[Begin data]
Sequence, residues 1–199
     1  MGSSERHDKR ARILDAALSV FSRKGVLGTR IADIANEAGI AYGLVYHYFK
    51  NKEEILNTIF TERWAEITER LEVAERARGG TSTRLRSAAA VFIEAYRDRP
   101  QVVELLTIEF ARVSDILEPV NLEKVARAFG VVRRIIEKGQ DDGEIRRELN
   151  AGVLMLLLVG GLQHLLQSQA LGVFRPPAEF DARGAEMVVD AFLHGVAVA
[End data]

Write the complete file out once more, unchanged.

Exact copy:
Sequence, residues 1–199
     1  MGSSERHDKR ARILDAALSV FSRKGVLGTR IADIANEAGI AYGLVYHYFK
    51  NKEEILNTIF TERWAEITER LEVAERARGG TSTRLRSAAA VFIEAYRDRP
   101  QVVELLTIEF ARVSDILEPV NLEKVARAFG VVRRIIEKGQ DDGEIRRELN
   151  AGVLMLLLVG GLQHLLQSQA LGVFRPPAEF DARGAEMVVD AFLHGVAVA